I am currently working on a modified granny-square afghan. I started this one because I had the crafting itch, and it had been almost a year since I had finished my previous afghan — I needed to be crocheting again.
My iPad makes finding and storing patterns a cinch.
I scoured Pinterest and my pattern books until I found a pattern I liked. Then, (perhaps my favorite part of the whole process) I picked out my colors. I almost never pick out my colors before heading to the store to buy yarn. I prefer to spend a good thirty minutes in the yarn aisles of Joann’s or Hobby Lobby playing with various color combinations, deliberating whether this or that blue looks better with this green, deciding which texture I want for this afghan, and texting pictures to my family asking for their input. I settled on shades of grey with a contrasting yellow for this one—modern and minimalist with a splash of color. The closer I come to completing this blanket, the more I fall in love with these colors.
I fell in love with this color combo right away.
I chose the pattern from a picture I found on Pinterest, that rich repository of all things craft related. I had to do some digital digging to find the actual pattern, and after locating it, I realized that the pattern was for a doll-sized blanket. (Pictures can be misleading.) I remained undaunted, however, because I’m used to tweaking patterns. In this case I simply used a larger hook to accommodate a heavier yarn.
I usually stay away from granny squares because I feel they can become cliched from overuse, but I’ve been discovering some patterns with creative twists on the traditional motif, and this particular variation, with its larger-than-normal square size, slight twirl, and cable stitches (my all-time favorite crochet technique), appealed to me. I’m also a fan of working smaller pieces and then sewing them together for the final product. I feel a sense of accomplishment with each square I finish since each one represents a miniature milestone on my way to the finished product.
After I had made about fifteen squares, I realized that I should decide on their final arrangement so I would know how many of each color to make, so I got out my graph paper and colored pencils and had fun experimenting with various patterns. I posted the five designs shown below onto several of my social media channels and asked my friends and followers to vote on their favorite. Design E won the popular vote, so I planned accordingly.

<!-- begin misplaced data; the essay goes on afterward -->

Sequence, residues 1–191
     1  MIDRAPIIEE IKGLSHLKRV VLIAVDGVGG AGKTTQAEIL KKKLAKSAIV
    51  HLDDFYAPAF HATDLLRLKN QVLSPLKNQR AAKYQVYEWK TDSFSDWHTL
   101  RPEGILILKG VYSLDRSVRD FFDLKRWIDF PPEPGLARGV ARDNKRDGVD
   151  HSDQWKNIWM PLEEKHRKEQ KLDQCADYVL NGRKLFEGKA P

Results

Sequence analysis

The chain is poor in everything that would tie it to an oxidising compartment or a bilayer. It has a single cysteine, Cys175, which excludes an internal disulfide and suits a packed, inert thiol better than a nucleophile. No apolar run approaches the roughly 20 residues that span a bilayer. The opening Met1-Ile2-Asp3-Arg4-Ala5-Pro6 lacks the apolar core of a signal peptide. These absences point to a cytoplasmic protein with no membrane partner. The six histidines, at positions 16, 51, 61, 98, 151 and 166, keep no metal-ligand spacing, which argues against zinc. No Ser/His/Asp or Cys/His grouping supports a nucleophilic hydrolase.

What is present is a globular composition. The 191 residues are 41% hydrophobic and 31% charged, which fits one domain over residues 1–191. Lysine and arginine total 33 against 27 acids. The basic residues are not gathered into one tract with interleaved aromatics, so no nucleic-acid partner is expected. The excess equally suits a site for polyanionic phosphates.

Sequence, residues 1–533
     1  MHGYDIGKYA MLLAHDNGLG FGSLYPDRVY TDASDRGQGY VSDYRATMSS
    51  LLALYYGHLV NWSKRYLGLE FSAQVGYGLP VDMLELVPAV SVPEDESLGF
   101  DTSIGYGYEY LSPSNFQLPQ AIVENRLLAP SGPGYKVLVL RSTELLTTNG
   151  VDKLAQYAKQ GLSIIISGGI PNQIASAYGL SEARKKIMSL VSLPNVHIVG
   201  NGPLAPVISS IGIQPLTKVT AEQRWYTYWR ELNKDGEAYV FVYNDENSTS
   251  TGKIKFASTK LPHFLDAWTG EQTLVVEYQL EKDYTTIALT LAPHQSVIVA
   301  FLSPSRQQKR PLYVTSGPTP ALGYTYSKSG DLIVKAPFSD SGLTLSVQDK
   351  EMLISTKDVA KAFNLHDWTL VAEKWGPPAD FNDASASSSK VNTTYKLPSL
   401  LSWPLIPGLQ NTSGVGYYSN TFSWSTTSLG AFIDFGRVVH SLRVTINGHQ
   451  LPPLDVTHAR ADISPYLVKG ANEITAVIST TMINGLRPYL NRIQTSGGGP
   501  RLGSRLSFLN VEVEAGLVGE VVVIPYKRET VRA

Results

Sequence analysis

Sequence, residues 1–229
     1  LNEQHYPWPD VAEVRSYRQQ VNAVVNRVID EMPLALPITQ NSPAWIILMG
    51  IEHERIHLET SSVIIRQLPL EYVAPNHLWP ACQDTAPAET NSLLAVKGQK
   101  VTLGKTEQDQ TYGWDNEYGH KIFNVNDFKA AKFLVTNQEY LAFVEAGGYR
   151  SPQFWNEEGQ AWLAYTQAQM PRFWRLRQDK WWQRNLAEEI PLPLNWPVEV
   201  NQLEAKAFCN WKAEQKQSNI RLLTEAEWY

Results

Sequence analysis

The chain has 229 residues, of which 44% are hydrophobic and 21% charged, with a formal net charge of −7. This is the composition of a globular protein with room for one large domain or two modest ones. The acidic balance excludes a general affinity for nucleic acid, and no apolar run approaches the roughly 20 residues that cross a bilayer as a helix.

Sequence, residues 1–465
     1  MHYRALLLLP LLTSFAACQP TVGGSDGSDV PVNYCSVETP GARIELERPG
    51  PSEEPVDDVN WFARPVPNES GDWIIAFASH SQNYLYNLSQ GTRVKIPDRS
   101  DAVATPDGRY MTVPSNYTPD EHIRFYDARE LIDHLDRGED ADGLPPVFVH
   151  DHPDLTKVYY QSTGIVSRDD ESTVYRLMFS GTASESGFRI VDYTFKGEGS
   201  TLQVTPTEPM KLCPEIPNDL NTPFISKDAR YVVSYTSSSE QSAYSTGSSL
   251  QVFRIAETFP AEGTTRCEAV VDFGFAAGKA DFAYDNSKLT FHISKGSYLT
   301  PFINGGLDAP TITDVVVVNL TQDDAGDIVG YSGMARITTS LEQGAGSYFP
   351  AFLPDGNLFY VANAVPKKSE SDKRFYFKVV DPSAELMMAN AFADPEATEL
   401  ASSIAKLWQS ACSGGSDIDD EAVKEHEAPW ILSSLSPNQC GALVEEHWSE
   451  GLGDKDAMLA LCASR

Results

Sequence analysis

This afghan is also giving me a chance to practice a technique I’ve never used before: blocking. In the past, I have either worked patterns that didn’t call for blocking or skipped this step because I was lazy and didn’t want to put in the extra work. But I decided to try it this time, and it is paying off. There are a couple different blocking methods, but the most common and the one I am using involves wetting the finished piece and pinning it down so that it dries in the desired shape. As you can see from the before-and-after picture below, blocking helps the finished squares maintain their shape and lie flat. I have learned that blocking isn’t nearly as time-consuming as I had imagined and makes for a much cleaner finished product.
unblocked (left) and blocked (right)
I’m enjoying working with such a fun pattern and colors, and Ben Hur is shaping up to be a new favorite book. I’m thankful for this relaxing pastime and thankful that my mom wanted to learn this craft all those years ago.
I’ll end with this time-lapse I took of my progress on one of the squares for this afghan. I was experimenting with this video, hoping you would be able to see the square growing as each round was added. Alas, my hands prevented the viewing of that process, but it’s still a neat video. Enjoy!
This article was originally published at Refracted Light.